They are real to you. You know they. They they kind of live with you in an inner sense, and so she said with passion. I have my mystical theologians, who are my friends, my family. They are so close to me part of my daily life.

They lived with me um, and she talked about these mystical monks and theologians and writers as really helping her during the clandestine acts of resistance by helping keep her focus in a time that was otherwise very, very terrifying. She once had to do things. She hid in the basement of a bakery for three days. She was pursued by soldiers, and so she kind of talked about these monks as kind of her inner guides, her her friends and then after the war. She created this kind of an international utopian commune dedicated to post-war peace for students.

That was in memory of one of her friends that died in the war. Simone vay called maeson simone and many of these catholics, i would say, did see. Connections between you know the violence, the rise of xenophobia, oppression that was happening in europe and then actually, i’m going to stretch a little and what was happening in the u.s at this time. In 1930s, 40s around race, as one volunteer said it um the root of it all: anti-semitism, fascism, anti-negro, okay.

This was the language of 1940 is hate. It takes a powerful kind of love to hold this back and there were pathways of exchange between like places like new york and paris, where people were talking about these connections about different kinds of violence and oppression, different kinds of solidarity, um and one of and some Of you may have heard you know if there’s many black writers who spent time in paris before and after the war, james baldwin names that probably are familiar to many of you from high school and james baldwin said the years i lived in paris did one thing For me, they released me from that particular terror, which was a real danger visible in every american cop boss, everybody, okay, so paris was like a relatively more open atmosphere before world war, one and after for black writers and artists um, but one that i want to Talk about briefly, is this a poet of the harlem renaissance, claude mckay, who spent time in paris before the war and converted to catholicism in 1940 and in paris. He met with another woman, a french-speaking catholic from martinique, paulette nerdal, who was the first black student at the sorbonne um and i think, when we tend to think of sort of the black diaspora, black internationalism. We really don’t think of france and of paris. But i really think that the reason that that was such a sight of catholic creativity is because it was so diverse.

I think i think that that’s why it’s very understudied but paulette nardal created this journal called the review du monde noir and it was dedicated to what she called forging international ties and bonds between among the international black community, black people, from the african diaspora on the United states who were in paris at this time and claude mckay, wrote um, wrote poems in this book and she had a kind of a salon, a study hall that she called a circle of friends. So again, even you know in this network, too kind of the friendship piece was was really central, um and um. When claude mckay uh, let’s see oh yeah there we go when claude mckay went back to the united states. He connected all he connected up with a very numerically small, like i don’t want to make. This seem like this was all what all catholics were of numerically small network of catholics who were interested in questions of race and racial justice.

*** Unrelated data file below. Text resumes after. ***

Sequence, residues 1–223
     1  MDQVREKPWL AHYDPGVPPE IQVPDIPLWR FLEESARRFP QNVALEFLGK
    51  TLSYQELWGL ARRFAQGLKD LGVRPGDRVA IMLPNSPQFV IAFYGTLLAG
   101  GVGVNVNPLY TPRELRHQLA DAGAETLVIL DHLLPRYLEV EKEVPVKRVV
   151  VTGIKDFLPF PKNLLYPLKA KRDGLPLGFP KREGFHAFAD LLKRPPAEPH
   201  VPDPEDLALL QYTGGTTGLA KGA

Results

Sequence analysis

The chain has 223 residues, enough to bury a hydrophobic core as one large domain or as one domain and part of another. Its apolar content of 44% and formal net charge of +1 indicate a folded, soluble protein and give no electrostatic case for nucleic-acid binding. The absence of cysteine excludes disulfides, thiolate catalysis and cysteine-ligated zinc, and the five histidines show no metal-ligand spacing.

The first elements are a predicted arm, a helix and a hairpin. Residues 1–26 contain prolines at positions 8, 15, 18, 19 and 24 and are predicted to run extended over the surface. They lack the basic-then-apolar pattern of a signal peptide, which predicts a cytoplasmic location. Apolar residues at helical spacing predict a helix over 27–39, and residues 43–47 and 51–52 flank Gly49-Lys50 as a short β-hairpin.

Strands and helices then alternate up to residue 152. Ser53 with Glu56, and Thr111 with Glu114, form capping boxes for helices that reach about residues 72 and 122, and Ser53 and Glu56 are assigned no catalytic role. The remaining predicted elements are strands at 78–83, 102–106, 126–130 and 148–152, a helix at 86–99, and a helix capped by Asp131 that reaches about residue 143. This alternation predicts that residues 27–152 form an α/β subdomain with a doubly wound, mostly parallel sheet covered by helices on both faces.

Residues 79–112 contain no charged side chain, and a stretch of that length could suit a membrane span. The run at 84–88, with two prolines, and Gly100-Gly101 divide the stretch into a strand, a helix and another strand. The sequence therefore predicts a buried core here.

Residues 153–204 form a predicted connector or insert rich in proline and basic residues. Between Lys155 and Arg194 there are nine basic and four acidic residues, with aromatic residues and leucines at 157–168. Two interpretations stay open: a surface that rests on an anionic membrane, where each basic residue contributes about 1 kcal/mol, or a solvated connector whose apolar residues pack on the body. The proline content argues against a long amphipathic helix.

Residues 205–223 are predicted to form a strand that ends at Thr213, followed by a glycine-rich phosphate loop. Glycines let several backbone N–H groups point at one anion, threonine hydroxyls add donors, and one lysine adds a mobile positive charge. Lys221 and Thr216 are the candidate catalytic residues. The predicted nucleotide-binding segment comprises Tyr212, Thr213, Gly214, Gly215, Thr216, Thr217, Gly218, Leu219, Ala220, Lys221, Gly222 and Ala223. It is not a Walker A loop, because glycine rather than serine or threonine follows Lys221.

He became kind of drawn into the american catholic scene, and this is a letter that he exchanged with dorothy day. I know some of you in justin’s class have read dorothy day and dorothy day’s letters to claude mckay have these little holy cards, and this is what i see like the coin of this international network: the letters to friends tucked with this little holy stuff. That was like the currency, um and and ultimately he converted to kind of this sort of catholicism in 1940.

Um, but one of the things that he oh wait. No, sorry i’m missing something.

Oh no! I had it another. I already showed it um, one of the the things that we see very much debated, um that claude mckay. Let me just go there. We go that claude mckay debated um.

That was very much uh. The subject of debate in the friendship house newsletter was the role of friendship for political change and solidarity. So mckay talked a lot about how enthusiastic white liberals were about friendship like if he was even walking down the street with a white person. He would say: oh, you must be best friends like yeah, you’re kind of the symbol of the kind of racially integrated future um, and he really thought that could never really do anything to combat racial oppression in the united states. That friendship had to be the starting point for structural change, that you begin as friends, but then you work together on doing things like documenting housing, discrimination, employment, discrimination and so forth, but there were white people in friendship house.

That really thought friendship was the point. You know that you could get people together and they would, you know, display picnics into racial picnics and friendship that that was the end goal um and the more um the more i came to you know the more i came to read into this world. I really saw this as a major major tension and kind of problem that was unresolved, and ultimately this was one of the reasons that the friendship house was an experiment that kind of eventually flopped, even though there were interesting political changes that took place um from thanks To the help of people who were involved, it was a short-lived experimental project um and now, i’m just gon na say: let’s see, yeah oh yeah, i’m gon na i’m just gon na say a few more kind of interpretive things about this network things that i kind Of came to realize about it things i think about it, some of the implications um, and so i’m done showing you the pictures, so just back to my original slide. Okay, so the one thing yeah this issue about what is the role of friendship, is that the goal, or is that just the starting place – and you know so that was that – was something it’s kind of like an interpersonal way of solving change. Black catholics were very skeptical about that.